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Protecting and Promoting the Open Internet

The Internet is a vital platform for innovation, economic growth and free expression in America. And yet, despite two prior FCC attempts, there are no rules on the books to prevent broadband providers from limiting Internet openness by blocking content or discriminating against consumers and entrepreneurs online. The “Protecting and Promoting the Open Internet” Notice of Proposed Rulemaking (NPRM) begins the process of closing that gap, which was created in January 2014 when the D.C. Circuit struck down key FCC Open Internet rules.  The FCC public comment period on the Commission’s proposal was opened on May 15 – with 60 days (until July 15) to submit initial comments and another 57 days (until September 10) for reply comments.

The NPRM seeks comment on a number of questions designed to:

Develop the Strongest Legal Framework for Enforceable Rules of the Road

The D.C. Circuit in its January 2014 decision in Verizon v. FCC, upheld the FCC’s legal authority under Section 706 of the Telecommunications Act of 1996 as well as the use of Title II of the Communications Act as the basis for legal authority. Open Internet rules under Section 706 would continue a lighter regulatory approach where Title II applies full common carrier regulations.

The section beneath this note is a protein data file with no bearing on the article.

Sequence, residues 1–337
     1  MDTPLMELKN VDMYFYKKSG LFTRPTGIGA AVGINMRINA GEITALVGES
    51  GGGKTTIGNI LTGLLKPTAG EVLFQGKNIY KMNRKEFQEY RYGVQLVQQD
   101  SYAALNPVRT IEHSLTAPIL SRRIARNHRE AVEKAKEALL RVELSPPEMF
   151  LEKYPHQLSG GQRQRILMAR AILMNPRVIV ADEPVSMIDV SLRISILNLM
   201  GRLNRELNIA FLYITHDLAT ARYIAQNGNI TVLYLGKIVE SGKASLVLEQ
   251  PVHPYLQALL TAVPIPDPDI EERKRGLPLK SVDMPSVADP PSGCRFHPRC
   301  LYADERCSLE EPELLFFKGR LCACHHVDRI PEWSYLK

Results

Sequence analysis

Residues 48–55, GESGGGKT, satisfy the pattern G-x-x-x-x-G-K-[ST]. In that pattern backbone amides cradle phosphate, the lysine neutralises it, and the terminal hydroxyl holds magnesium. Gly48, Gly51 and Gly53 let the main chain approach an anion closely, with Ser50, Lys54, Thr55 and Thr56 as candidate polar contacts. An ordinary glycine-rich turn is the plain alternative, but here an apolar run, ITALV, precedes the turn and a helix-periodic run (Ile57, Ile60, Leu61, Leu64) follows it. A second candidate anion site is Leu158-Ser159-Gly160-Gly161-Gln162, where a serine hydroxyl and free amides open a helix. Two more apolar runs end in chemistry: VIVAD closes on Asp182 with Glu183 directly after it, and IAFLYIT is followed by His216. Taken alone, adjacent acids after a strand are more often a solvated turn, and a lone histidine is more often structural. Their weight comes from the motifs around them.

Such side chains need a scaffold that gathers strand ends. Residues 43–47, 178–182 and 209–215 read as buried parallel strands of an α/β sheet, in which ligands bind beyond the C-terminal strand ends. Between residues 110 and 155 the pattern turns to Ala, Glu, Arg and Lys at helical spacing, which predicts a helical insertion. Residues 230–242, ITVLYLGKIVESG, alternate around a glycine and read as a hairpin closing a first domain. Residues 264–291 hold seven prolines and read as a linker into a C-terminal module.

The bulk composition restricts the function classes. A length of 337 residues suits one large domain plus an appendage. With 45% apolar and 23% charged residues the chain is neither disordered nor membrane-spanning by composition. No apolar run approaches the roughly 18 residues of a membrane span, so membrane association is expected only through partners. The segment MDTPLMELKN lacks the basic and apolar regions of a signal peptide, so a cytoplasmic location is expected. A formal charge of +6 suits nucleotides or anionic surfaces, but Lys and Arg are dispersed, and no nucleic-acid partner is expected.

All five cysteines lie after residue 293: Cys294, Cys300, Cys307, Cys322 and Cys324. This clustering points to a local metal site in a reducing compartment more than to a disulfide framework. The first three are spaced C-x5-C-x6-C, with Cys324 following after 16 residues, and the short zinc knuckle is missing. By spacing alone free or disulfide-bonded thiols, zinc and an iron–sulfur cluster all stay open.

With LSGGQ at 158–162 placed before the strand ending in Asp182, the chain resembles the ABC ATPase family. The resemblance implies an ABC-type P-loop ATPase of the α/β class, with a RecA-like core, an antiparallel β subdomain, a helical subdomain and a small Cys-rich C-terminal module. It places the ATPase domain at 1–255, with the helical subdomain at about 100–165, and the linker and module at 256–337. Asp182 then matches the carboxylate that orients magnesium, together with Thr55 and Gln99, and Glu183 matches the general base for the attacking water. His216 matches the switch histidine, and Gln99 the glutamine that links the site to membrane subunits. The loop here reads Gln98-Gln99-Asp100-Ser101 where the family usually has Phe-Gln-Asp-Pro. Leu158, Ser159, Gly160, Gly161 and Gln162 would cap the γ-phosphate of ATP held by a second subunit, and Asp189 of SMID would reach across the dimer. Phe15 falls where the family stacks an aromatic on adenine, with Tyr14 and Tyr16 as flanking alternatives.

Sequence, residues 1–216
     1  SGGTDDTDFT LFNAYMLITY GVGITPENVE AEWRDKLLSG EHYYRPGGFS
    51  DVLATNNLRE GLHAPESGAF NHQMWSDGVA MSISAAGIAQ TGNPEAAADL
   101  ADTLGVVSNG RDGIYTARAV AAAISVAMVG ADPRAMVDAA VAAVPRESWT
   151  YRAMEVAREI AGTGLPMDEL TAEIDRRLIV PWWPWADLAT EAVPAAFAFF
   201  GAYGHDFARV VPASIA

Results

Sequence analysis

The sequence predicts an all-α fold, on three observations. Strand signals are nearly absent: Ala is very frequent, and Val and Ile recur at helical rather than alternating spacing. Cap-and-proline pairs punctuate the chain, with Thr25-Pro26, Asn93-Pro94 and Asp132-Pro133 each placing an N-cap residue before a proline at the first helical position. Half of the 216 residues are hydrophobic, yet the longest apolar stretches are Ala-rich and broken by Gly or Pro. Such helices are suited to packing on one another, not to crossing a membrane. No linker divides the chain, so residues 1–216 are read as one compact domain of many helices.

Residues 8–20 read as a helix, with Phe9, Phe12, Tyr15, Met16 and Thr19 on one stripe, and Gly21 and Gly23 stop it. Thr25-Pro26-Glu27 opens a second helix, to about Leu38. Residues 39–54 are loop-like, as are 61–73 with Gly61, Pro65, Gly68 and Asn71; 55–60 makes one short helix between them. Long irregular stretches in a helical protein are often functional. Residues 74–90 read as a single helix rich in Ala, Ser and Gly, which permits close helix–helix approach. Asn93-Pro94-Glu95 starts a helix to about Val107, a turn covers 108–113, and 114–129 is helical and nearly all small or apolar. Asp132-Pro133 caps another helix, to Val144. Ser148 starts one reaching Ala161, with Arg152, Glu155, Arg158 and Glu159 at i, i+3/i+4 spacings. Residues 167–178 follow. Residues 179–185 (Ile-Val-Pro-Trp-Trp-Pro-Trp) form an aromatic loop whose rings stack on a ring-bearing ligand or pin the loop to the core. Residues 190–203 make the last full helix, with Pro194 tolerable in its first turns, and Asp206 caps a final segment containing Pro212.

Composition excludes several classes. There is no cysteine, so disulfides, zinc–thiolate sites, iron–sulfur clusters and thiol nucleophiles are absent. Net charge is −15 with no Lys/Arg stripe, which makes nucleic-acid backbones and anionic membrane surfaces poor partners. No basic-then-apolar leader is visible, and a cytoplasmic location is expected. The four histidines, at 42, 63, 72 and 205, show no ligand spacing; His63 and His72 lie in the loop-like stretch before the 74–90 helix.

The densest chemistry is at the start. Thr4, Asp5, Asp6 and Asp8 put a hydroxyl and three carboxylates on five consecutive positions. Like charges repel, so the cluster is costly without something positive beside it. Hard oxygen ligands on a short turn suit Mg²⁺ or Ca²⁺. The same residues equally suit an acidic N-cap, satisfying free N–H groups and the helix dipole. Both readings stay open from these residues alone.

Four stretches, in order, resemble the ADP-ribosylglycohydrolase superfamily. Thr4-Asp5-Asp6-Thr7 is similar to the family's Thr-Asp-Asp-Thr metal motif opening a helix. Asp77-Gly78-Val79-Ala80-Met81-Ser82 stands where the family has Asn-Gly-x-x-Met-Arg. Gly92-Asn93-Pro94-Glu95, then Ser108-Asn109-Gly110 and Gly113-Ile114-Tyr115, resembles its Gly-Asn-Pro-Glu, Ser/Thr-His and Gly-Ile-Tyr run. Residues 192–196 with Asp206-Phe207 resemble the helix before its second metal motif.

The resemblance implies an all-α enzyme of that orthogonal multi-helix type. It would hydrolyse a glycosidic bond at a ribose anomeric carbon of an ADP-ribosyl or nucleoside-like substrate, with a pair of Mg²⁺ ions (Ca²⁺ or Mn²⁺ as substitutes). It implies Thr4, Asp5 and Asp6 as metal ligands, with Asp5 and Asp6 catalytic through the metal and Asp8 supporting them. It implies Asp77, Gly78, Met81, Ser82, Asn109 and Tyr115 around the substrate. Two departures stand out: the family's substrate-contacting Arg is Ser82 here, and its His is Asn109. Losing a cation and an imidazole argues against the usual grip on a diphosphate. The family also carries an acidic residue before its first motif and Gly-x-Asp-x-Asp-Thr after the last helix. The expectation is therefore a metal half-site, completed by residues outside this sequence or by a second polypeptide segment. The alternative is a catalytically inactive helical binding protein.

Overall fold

Ensure choices for consumers and opportunity for innovators

The NPRM proposes a requirement that all users must have access to fast and robust service:

  • Broadband consumers must have access to the content, services and applications they desire.
  • Innovators and edge providers must have access to end-users so they can offer new products and services.

Prevent practices that can threaten the Open Internet


  • Asks if paid prioritization should be banned outright.
  • Promises clear rules of the road and aggressive enforcement to prevent unfair treatment of consumers, edge providers and innovators.
  • Includes a rebuttable presumption* that exclusive contracts that prioritize service to broadband affiliates are unlawful.

(*Rebuttable presumption is a presumption that is taken to be true unless someone comes forward to contest it and proves otherwise)

Expand transparency

The NPRM proposes to enhance the transparency rules to provide increased and specific information about broadband providers’ practices for edge providers and consumers.

Protect consumers, innovators and startups through new rules and effective enforcement

Consider the Impact on the Digital Divide: Ensuring access for all communities

Telecom One supports the FCC’s NPRM for speedy resolution of Open Internet Rules.

Protecting and Promoting the Open Internet Fact Sheet (PDF)

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